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Controlling user logging in Hadoop

Imagine that you’re a Hadoop administrator, and to make things interesting you’re managing a multi-tenant Hadoop cluster where data scientists, developers and QA are pounding your cluster. One day you notice that your disks are filling-up fast, and after some investigating you realize that the root cause is your MapReduce task attempt logs.

How do you guard against this sort of thing happening? Before we get to that we need to understand where these files exist, and how they’re written. The figure below shows the three log files that are created for each task attempt in MapReduce. Notice that the logs are written to the local disk of the task attempt.

parition

OK, so how does Hadoop normally make sure that our disks don’t fill-up with these task attempt logs? I’ll cover three approaches.

Approach 1: mapred.userlog.retain.hours

Hadoop has a mapred.userlog.retain.hours configurable, which is defined in mapred-default.xml as:

The maximum time, in hours, for which the user-logs are to be retained after the job completion.

Great, but what if your disks are filling up before Hadoop has had a chance to automatically clean them up? It may be tempting to reduce mapred.userlog.retain.hours to a smaller value, but before you do that you should know that there’s a bug with the Hadoop versions 1.x and earlier (see MAPREDUCE-158), where the logs for long-running jobs that run longer than mapred.userlog.retain.hours are accidentally deleted. So maybe we should look elsewhere to solve our overflowing logs problem.

Approach 2: mapred.userlog.limit.kb

Hadoop has another configurable, mapred.userlog.limit.kb, which can be used to limit the file size of stdlog, which is the log4j log output file. Let’s peek again at the documentation:

The maximum size of user-logs of each task in KB. 0 disables the cap.

The default value is 0, which means that log writes go straight to the log file. So all we need to do is to set a non-negative value and we’re set, right? Not so fast - it turns out that this approach has two disadvantages:

  1. Hadoop and user logs are actually cached in memory, so you’re taking away mapred.userlog.limit.kb kilobytes worth of memory from your task attempt’s process.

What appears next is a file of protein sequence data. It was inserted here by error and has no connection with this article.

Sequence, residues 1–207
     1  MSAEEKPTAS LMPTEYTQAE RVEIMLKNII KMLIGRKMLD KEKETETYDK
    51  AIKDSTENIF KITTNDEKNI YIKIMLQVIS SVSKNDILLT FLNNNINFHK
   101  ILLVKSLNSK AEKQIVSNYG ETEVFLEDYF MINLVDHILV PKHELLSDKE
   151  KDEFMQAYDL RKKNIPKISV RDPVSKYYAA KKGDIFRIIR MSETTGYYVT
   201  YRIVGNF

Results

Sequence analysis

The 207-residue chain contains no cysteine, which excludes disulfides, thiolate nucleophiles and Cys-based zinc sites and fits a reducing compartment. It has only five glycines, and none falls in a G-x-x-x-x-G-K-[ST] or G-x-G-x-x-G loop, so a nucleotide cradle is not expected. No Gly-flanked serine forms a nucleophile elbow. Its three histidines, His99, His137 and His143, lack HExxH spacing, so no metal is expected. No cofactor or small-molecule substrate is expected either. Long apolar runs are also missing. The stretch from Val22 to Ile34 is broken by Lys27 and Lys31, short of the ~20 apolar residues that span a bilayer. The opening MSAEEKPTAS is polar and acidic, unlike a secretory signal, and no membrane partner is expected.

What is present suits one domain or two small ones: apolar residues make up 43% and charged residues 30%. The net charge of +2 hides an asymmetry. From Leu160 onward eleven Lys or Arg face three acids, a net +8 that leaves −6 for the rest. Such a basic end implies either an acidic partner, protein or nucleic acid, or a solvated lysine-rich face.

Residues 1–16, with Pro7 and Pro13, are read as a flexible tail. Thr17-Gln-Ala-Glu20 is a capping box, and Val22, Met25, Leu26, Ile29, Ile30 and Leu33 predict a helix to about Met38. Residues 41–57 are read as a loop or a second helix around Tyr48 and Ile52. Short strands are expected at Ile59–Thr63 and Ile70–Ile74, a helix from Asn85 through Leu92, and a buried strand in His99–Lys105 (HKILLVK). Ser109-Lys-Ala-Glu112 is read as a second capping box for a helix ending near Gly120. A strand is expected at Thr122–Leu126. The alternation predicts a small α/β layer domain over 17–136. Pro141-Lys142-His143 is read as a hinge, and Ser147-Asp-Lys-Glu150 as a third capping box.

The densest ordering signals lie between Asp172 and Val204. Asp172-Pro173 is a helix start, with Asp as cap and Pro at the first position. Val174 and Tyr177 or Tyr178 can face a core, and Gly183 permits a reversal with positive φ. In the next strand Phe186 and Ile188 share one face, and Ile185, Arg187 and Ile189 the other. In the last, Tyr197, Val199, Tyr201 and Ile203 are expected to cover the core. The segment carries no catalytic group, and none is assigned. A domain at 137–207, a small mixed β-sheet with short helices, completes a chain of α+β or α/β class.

2. Logs are only written out when the task attempt process has completed, and only contain the last mapred.userlog.limit.kb worth of log entries, so this can make it challenging to debug long-running tasks.

OK, so what else can we try? We have one more solution, log levels.

Approach 3: Changing log levels

Ideally all your Hadoop users got the memo about minimizing excessive logging. But the reality of the situation is that you have limited control over what users decide to log in their code, but what you do have control over is the task attempt log levels.

If you had a MapReduce job that was aggressively logging in package com.example.mr, then you may be tempted to use the daemonlog CLI to connect to all the TaskTracker daemons and change the logging to ERROR level:

hadoop daemonlog -setlevel <host:port> com.example.mr ERROR

Yet again we hit a roadblock - this will only change the logging level for the TaskTracker process, and not for the task attempt process. Drat! This really only leaves one option, which is to update your ${HADOOP_HOME}/conf/log4j.properties on all your data nodes by adding the following line to this file:

log4j.logger.com.example.mr=ERROR

The great thing about this change is that you don’t need to restart MapReduce, since any new task attempt processes will pick up your changes to log4j.properties.

About the author

Hadoop in Practice, Second Edition

Alex Holmes is a senior software engineer with over 15 years of experience developing large scale distributed Java systems. Since 2008 he has gained expertise in using Hadoop to solve Big Data problems across a number of projects. He is the author of Hadoop in Practice, a book published by Manning Publications. He has presented at JavaOne and Jazoon.

If you want to see what Alex is up to you can check out his work on GitHub, or follow him on Twitter or Google+.

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